I admire your bravery in sharing this here, and you will be in my thoughts!

  3. Pam S. says:

    compassion-’to suffer with.’ may you receive so much. you are an incredible vessel.

  4. LobotoME says:

    oh tracie – sending hugs and healing thoughts your way! you are so brave… xo, jenny

  5. cyndi says:

    Your honesty is so refreshing. Coming clean about how we feel and asking for help is not something any of us are very good at, but to do it in such a public way. Wow! I’ve said it before and I’ll say it again…you truly are an amazing woman and such an inspiration to so many of us!

    I’ve struggled with sensitive skin for years and for the past 10 days I’ve been dealing with some seriously itchy skin on my left arm (from my hand to above my elbow). I have no idea what is causing it (which is incredibly frustrating) and all my doctor can say is that it was caused by contact. Contact with what? Well, we don’t know. I was given a celestone shot to try and calm my skin down and not only did that not help, I’ve now developed a rash around the injection site (and up my back). I was a mess last night feeling sorry for myself since I can’t seem to get my arm to stop itching and now have a funky looking rash decorating my back. Reading your post this morning has put it all in perspective for me. Thank you for helping me see past myself.

    I wish there was something I could do to help you with your present circumstance. While I can’t be there to make you laugh, help with car pool duty, or things of that nature, I can promise you that I’ll continue to read your blog, keep you in my thoughts, and pray for you. I hope my prayers are able to bring you some peace & comfort. Hugs…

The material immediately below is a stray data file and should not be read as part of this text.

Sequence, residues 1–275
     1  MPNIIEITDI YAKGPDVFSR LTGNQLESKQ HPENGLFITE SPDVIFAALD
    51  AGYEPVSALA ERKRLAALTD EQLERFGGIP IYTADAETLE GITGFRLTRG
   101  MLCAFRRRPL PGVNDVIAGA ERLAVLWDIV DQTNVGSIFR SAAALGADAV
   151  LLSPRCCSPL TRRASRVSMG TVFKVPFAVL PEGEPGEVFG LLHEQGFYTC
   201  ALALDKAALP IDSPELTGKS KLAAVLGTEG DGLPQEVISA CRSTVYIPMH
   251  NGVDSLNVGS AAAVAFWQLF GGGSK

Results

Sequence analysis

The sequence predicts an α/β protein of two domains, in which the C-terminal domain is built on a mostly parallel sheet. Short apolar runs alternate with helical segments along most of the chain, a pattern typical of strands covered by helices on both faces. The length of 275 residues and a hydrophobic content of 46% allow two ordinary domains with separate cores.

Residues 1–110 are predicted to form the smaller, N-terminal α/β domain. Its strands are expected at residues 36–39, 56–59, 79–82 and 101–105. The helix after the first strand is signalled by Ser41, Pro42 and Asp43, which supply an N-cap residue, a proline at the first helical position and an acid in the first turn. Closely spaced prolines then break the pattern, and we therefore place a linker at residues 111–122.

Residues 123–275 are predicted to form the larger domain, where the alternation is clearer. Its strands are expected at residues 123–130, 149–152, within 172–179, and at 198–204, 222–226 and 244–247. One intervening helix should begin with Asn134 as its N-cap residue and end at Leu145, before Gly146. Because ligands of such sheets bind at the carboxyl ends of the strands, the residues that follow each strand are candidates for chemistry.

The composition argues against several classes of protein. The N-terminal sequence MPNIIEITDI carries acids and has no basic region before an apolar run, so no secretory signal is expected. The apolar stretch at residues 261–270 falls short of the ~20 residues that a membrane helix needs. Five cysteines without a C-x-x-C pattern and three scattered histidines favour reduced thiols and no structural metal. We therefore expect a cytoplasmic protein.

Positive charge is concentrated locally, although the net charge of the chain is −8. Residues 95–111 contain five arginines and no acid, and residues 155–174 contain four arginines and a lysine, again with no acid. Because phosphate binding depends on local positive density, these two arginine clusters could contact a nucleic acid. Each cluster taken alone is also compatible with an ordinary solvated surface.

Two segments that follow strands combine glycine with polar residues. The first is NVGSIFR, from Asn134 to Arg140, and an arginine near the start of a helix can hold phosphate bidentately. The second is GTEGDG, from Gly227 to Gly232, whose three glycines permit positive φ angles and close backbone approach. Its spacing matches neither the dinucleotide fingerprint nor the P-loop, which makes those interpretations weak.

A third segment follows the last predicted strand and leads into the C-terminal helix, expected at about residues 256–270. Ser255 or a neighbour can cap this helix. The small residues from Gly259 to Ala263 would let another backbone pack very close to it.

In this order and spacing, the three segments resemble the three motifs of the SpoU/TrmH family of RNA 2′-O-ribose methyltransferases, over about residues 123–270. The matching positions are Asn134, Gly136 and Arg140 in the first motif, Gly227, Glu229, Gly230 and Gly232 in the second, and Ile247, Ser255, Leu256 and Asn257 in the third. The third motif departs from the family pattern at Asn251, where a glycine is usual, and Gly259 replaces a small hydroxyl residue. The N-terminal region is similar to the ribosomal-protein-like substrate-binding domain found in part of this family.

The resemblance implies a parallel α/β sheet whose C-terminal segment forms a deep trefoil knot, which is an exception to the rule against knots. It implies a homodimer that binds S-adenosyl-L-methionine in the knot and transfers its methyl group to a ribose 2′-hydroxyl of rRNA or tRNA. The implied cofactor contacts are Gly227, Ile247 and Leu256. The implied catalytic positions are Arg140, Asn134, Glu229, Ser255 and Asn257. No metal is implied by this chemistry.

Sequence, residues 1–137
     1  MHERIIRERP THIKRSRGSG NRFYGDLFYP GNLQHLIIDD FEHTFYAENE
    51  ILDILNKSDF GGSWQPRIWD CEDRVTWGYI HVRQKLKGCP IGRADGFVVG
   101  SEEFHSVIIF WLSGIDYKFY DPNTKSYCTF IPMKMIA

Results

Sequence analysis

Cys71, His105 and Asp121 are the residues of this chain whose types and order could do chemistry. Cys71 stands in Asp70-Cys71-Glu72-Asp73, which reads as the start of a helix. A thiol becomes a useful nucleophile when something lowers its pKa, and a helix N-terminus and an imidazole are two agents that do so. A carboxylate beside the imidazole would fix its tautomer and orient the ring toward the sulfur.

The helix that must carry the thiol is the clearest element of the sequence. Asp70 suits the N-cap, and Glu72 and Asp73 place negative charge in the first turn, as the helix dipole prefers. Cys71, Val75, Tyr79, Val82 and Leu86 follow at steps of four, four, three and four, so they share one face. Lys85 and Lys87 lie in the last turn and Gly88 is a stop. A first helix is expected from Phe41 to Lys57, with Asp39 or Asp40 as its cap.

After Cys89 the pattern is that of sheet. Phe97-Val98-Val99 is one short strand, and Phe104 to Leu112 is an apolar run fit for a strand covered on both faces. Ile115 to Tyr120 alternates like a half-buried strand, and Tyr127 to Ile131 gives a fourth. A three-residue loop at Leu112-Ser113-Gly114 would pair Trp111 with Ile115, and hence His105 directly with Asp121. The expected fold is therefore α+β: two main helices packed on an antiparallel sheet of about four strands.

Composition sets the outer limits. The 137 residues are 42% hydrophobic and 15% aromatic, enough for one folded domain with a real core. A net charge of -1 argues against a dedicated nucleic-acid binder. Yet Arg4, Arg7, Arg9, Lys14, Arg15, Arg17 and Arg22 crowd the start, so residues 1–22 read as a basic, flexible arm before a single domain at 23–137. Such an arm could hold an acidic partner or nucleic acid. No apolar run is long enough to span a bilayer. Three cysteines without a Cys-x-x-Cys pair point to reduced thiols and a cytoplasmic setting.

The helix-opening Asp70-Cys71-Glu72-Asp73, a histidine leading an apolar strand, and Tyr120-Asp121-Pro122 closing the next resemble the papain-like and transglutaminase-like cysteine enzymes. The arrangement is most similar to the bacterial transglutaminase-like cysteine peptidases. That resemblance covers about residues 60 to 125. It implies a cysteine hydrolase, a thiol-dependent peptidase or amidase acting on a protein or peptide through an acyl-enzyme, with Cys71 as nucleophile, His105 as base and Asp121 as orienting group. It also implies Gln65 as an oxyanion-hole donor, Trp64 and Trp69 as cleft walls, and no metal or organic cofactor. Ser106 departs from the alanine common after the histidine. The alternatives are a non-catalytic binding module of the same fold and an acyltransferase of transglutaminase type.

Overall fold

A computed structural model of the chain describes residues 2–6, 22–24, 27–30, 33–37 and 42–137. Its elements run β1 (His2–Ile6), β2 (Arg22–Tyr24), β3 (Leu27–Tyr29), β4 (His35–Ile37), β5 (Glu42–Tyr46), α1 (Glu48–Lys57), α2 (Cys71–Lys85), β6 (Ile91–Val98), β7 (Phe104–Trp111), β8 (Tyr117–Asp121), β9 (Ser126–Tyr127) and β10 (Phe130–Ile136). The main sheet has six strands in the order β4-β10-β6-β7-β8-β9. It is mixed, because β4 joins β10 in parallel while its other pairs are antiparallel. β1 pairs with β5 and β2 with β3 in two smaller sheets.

6. Rachel says:

    The “but you look fine on the outside” thing is huge. …one of the many oh-so-wonderful things about this stupid disease. (right up there with trying to figure out how to re-define yourself post-diagnosis.)
    Sometimes it feels like it would be helpful to wear a sign with big bright letters that said “I’m sick, D@mn it!”.
    …hope it helps to know that there are other folks out there who get it.

  7. Heather says:

    I know you weren’t looking to be the “face” of a disease, but your honesty and information is helping others to get what ms if really about. And honestly, “getting it” means more compassion to a disease you can’t always see on the outside & hopefully also more funding/research/solutions! keep it up!!! love you!

  8. Melinda says:

    Hi Tracie:
    I wandered over from Me Ra’s great post about you today. Your images are BEAUTIFUL! I attended Me Ra and Brian’s workshop in Seattle in June and have loved watching my “Seattle Sistas” bloom but now I’m realizing there is a whole legion of us out here, who’ve had the honor of taking the workshops and have been inspired by Me Ra and Brian to capture those special moments. I’m so glad you’re moving forward with this calling even in the face of some scary stuff. This post of yours that I’m commenting on reminded me of one of my favorite quotes: “Be kind, for everyone you meet is fighting a hard battle.” – Plato. Hard to remember when someone is yelling in your face but it definitely helps me gain some perspective later. Blessings to you!

  9. you move me, You truly move me. I read about you on MeRa’s blog site, and I just had tears rolling down my face. Tears of sadness…Tears of joy…Tears that rejoice in a Savior that you and I both serve. You’re story has inspired me to make the next step towards my dream. You give me new meaning to the verse : I can do all things through Christ that strengthens me.”
    Thank you for being a testimony..I needed to be reminded.

  10. terrie says:

    tracie, tracie…. love your new glasses. but most of all love that you aren’t too proud to realize you need support from others even though you don’t want to ask for it. enjoy exuma, you are in my prayers.